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In Steven Cordova’s poem “13 Things to Do Once I’m Dead,” “Stop thinking about death” tops the list. This starting point seems to imply that death is an obsession for the poet, and that the obsession is bleak—think Sylvia Plath and the poetics of suicide, think Anne Sexton and the poetics of darkness. But the poem is actually a tip of the hat to Wallace Stevens’ “Thirteen Ways of Looking at a Blackbird,” which sees the subject through varied lenses and differing portraits, from the noble to the comic. Number 5 in Cordova’s list is “Claim I stand just under 6’,” and number 12 is “Make every day Day of the Day”—a nod to his Mexican American heritage and to a celebration that places the dead within a festive, not sullen, context.
But the final item on the list collects all emotion into one enterprising idea:
Open a vacation spot,
call it Death Valley
or Dead Sea Bed
& Breakfast. (Vacancies,
a neon sign will blink.
Though this poem highlights Cordova’s use of humor, it’s also representative of how he treats mortality–not as fact to be feared or ignored, but as a reality to be incorporated into the everyday imagination. In the poem “The Next Generation,” for example, the speaker, who is HIV+, aligns his medication:
those pills upon a stand:
one a lily-white diamond;
one a capsule half-buttercup,
half-trust; the remaining three
bachelor-button blue, oblong.
I must take four or five with my food;
a piece of bread sits among them,
a book of poems I’ll read
if work is light today.
The shift of the positive status from death sentence to a life with a long-term and manageable disease is perhaps what makes Cordova’s work so contemporary, and which allows him to build an identity as a gay man outside of the affliction (“Why fear my water-stained rise to the peel of death?” the speaker asks in “Testing Positive”), though he continuously acknowledges it, especially when encountering other positive men. On a dinner date, two men compare medications, “drugs// with names like the names/ of second-rate Greek gods.” During yet another dinner date:
We both know we have
that–what?–that ultimate date
one night to come, one bright morning.
Who can blame us? Not the forks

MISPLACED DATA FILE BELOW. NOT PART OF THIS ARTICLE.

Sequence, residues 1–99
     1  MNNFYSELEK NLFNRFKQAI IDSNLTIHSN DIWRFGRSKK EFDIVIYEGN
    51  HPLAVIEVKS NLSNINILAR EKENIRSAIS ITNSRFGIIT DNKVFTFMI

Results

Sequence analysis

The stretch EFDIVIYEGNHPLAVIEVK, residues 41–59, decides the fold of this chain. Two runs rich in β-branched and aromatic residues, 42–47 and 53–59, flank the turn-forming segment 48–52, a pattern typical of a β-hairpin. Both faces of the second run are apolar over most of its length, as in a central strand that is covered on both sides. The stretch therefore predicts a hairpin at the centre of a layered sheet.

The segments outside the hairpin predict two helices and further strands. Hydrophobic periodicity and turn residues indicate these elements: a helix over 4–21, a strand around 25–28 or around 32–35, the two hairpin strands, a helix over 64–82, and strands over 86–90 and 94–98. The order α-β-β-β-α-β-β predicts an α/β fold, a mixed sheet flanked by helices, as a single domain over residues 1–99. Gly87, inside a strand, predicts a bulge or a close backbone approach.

and not the knives that carry on
and do the heavy lifting now.
If anything shapes the gay sensibility in Long Distance it’s the particulars of New York City living, from the serendipitous Manhattan encounters with former flings and old crushes, to the public unfolding of people’s private dramas, thanks to the thin walls of apartment housing and the crowded streets: it’s live and let live. But the Big Apple is also a place of troubling contradictions–a landscape that can offer the pleasure of anonymous sex and the safety of anonymity, but also the dangers of isolation and loneliness. In the title poem, for example, the speaker mourns for an old love:
Crawling into bed last night
you lifted the sheet, I held it
to your sweet and blushing face.
“Does it smell fresh?” I asked,
then woke before you answered.
The poem “Punched” (a canzone—a 65-line poem with a challenging end-word pattern) speaks to the senseless city violence endured by the speaker’s sudden and swift encounter with a drunk on the subway. The act is not couched as a hate crime, though it does become the punctured window that allows the victim to reflect on his past (to a father who was a wife-batterer) and to his immediate future–the burden of convincing friends and strangers that the incriminating bruise on the face is not evidence of a homophobic attack or of same-sex domestic abuse. The gay body, Cordova tells us, reveals its own stories, sometimes independent of the truth.
In the end, Cordova’s affirmation of living as a gay man with HIV is not as simplistic as it sounds. It’s the precarious balance of vulnerability and strength, darkness and light–it’s seeing the self as the spider of the poem “Two Nocturnes,” weaving beauty and creativity into the intricacies of limitations and threats outside of one’s control:
the web is not elegant or architectural,
ziggurat-like in its progression upward.
It’s ramshackle, unselfconscious.
I ask myself how far I’ll let this go.
Long Distance is a finely-crafted collection of poems, and a gorgeous and fearless debut of a book.
By Steven Cordova
Bilingual Review Press
$10, Paperback, 60 pages